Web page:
MARTIN FOYE – Drums and Percussion
Organised and Co-ordinated by MARK POWELL - the 12-page booklet reproduces the beautiful hand-drawn gatefold artwork of Peter Farrelly (front and back pages) and the inner gatefold with its photos of the suitably serious longhaired musicians and their "tales of tomorrow" stories and lyrics. The affectionate, witty and highly informative liner notes are by PAUL CHARLES who was their "Manager and general fixer" at the beginning - and is today a published author of the Christy Kennedy mystery books (Charles in fact wrote the original liner notes for the LP). There’s some concert fliers, press clippings and tour schedule adverts – but the big news is a BEN WISEMAN remaster from original master tapes that brings out the dense playing of all eight Vince McCusker originals.
It opens with a gorgeous and beautifully produced string-piece that lasts 1:32 minutes. It then goes into the wild and eclectic guitars of one of their best tunes – the six and half-minute "Decisions" that features sophisticated vocal work ala Thijs Van Leer’s Focus and a blistering McCusker guitar solo similar in places to Steve Howe on "Relayer" (the band reckon they got signed on the strength of this one piece alone). The timing-changes onslaught continues with "As Day Breaks With Dawn" – a flirty piece dominated by cymbals and piano at first only to break into a vocal/guitar romp – and then back again to ethereal and mellow (the playing and cleverness of it is impressive). Side One ends with the frantic/slow/frantic "Graveyard Epistle" which sounds like Procol Harum on a couple tabs of acid – a very sophisticated piece actually.
We go a bit too Focus and "Trespass" on "Lord Of The Incubus" where Farrelly’s vocals aren’t quite Peter Gabriel even if the tune is good musically (especially the clever string arrangements). Better is the truly excellent Prog of "Olde Tyme Future" where guitar and organ blend to make a melody that would make Genesis proud. And on it goes to another all instrumental string passage of "Future Legends" that ends the album with its under-a-minute duration. And at last fans get to hear the withdrawn track "On A Clear Day" which runs to a crowd-pleasing 7:46 minutes – similar in fact to "Olde Tyme Future" in its composition (great double lead-guitar work half way in).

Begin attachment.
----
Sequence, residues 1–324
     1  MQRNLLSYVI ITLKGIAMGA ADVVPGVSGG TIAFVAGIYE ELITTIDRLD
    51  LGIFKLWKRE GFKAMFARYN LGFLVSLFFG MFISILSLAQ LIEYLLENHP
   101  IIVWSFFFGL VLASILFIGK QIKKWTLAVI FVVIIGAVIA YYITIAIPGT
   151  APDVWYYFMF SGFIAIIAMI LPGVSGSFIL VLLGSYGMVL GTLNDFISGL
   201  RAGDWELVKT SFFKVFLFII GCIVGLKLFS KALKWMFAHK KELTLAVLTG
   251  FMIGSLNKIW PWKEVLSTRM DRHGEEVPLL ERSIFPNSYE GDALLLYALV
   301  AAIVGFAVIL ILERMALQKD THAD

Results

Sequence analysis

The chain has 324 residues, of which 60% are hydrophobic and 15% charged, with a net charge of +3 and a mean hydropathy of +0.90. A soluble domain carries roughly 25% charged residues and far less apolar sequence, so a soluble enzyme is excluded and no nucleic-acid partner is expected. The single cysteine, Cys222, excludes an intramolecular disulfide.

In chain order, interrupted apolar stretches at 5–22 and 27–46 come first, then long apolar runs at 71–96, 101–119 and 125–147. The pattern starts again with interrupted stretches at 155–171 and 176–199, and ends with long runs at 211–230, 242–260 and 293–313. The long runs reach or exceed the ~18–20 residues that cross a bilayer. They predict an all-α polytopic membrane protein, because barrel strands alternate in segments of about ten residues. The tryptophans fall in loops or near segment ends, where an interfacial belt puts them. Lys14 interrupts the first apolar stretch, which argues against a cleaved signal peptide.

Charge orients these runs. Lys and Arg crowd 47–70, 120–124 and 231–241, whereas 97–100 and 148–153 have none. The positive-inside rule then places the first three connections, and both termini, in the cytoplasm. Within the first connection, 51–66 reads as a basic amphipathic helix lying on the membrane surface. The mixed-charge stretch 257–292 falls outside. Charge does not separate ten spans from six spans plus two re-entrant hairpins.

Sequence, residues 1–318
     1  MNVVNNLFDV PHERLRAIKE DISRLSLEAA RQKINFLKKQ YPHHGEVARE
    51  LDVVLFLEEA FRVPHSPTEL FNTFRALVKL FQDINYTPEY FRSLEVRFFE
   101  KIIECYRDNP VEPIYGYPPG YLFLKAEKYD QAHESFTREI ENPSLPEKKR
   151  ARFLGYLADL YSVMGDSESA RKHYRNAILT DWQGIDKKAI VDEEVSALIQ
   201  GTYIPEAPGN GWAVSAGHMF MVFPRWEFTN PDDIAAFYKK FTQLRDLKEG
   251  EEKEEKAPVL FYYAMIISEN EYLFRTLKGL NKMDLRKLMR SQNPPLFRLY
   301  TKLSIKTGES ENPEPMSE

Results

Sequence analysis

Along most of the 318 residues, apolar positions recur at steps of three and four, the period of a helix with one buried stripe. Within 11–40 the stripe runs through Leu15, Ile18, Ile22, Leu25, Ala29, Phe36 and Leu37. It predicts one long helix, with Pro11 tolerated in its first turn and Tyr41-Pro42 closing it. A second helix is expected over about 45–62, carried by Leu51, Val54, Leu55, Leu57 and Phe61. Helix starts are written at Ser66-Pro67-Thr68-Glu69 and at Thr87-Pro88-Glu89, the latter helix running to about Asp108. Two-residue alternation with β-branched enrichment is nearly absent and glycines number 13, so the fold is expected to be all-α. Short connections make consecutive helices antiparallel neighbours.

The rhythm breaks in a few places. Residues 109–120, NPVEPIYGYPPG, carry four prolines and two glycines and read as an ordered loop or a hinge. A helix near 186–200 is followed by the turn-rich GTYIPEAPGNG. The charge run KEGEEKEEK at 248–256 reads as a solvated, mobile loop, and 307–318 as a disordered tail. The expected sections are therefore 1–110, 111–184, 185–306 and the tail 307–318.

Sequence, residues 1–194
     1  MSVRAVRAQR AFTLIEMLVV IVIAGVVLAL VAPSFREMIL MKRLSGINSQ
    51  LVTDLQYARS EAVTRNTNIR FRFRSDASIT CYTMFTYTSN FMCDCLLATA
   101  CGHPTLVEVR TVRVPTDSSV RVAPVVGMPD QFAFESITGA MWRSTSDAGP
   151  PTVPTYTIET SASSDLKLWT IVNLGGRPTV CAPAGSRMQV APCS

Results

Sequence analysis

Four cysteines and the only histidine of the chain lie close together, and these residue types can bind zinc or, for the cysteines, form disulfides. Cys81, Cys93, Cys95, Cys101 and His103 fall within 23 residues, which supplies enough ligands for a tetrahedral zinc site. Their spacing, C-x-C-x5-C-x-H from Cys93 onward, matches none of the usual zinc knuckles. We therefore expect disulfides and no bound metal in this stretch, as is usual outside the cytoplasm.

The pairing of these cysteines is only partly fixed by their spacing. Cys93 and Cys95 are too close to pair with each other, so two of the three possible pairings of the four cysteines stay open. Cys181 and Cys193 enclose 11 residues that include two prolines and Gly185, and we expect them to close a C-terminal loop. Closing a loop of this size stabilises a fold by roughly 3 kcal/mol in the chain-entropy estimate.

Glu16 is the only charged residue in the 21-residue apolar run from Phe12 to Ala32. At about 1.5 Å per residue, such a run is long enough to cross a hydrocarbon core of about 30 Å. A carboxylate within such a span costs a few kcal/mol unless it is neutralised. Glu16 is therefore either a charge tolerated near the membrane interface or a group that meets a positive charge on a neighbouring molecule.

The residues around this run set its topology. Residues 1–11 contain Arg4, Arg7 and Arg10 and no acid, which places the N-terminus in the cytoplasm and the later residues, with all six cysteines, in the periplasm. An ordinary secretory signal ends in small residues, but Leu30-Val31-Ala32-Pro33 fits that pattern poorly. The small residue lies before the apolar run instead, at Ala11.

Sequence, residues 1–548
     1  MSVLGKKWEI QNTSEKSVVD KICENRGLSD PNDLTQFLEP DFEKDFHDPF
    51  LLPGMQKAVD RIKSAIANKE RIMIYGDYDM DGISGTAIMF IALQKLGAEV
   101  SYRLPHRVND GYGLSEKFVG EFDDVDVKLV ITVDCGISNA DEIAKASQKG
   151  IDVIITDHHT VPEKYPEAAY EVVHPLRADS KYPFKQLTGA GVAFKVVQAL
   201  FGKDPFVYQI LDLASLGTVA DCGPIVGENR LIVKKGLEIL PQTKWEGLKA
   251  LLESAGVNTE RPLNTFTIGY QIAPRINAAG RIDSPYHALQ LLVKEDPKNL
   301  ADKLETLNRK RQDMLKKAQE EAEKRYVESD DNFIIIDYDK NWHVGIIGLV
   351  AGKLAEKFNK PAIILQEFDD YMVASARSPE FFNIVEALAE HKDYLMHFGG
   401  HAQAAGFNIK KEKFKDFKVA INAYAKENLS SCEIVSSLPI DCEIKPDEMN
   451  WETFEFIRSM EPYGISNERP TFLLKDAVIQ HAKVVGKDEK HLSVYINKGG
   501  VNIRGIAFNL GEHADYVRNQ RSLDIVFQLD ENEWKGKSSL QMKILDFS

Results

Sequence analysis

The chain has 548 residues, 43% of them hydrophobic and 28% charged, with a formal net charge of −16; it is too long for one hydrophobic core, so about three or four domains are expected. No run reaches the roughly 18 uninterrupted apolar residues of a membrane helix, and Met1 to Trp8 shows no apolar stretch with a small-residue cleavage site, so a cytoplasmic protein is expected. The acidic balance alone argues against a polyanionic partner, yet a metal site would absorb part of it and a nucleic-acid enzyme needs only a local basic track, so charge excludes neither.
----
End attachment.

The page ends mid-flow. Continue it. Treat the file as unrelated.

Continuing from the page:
So there you have it – Hairy Ulstermen and Celtic Legends ahoy – FRUUPP were/are an acquired taste for sure. But if you were a fan – this fab-sounding CD remaster will remind you and your receding hairline why you loved em in the first place...
PS: Esoteric have also reissued the other 3 albums - "Seven Secrets" (1974), "The Prince Of Heaven's Eyes" (1974) and "Modern Masquerades" (1975)
1 of 1 people found the following review helpful
3.0 out of 5 stars
"...Sanctuary..." – Battle Hymn by WILD TURKEY (2013 Esoteric Recordings CD Remaster), 31 Mar. 2015
Formed by Glen Cornick, Jethro Tull’s Bassist for their first three albums ("This Was", "Stand Up" and "Benefit") along with talented newcomer Guitarist Jon Blackmore – WILD TURKEY promptly pumped out two albums in the early Seventies on Terry Ellis’ Chrysalis Records to favourable press but commercial indifference.
The rest of the band featured Jeff Jones the former Drummer with Man, Lead Vocalist Gary Pickford-Hopkins from Eyes of Blue (to whose memory the reissue is dedicated) and new Lead Guitarist Alan "Tweke" Lewis. Produced by Roger Bain of Budgie and Black Sabbath fame – their debut album "Battle Hymn" actually dented the top 200 in the USA in early May 1972 (they were touring with Sabbath as their opening act) and that’s where this straightforward CD remaster comes in. Esoteric Recordings ECLEC 2413 (Barcode 5013929451346) pans out as follows (41:07 minutes):
2. Twelve Streets Of Cobbled Black
3. Dulwich Fox
4. Easter Psalm
5. To The Stars
6. Sanctuary [Side 2]
7. One Sole Survivor
8. Battle Hymn
9. Gentle Rain
Tracks 1 to 10 are their debut album "Battle Hymn" – released April 1972 in the UK on Chrysalis CHR 1002 and in the USA on Reprise MS 2070
The 16-page booklet repro’s front and rear artwork, the inner gatefold and new liner notes from MALCOLM DOME that features an interview with Glenn Cornick on the formation of the band from out of British pubs and the difficulty of recording the album with an indifferent producer. The BEN WISEMAN remaster is typically excellent – great audio – remastered from original tapes.
As much as I want to like this band and this album – it’s not Budgie by any means. I say this because unlike Budgie – Wild Turkey neither rocked nor rolled and didn’t really have any great tunes of worth. Stuff like “One Sole Survivor” had some swagger for sure while the ballads “Dulwich Fox” and “Gentle Rain” feature pretty acoustic guitars accompanied on the latter by Cornick on Harpsichord. But tracks like “Butterfly” and “Battle Hymn” sound laboured musically and vocally. Better is the Side One finisher “To The Stars”.
If you’re a fan – don’t think twice – the presentation and audio is top notch...others I would advise a listen first...
PS: Esoteric Recordings have also reissued/remastered their 2nd and last album "Turkey" from 1973 on Chrysalis onto CD in 2013 (ECLEC 2414) with two bonus 7" single tracks...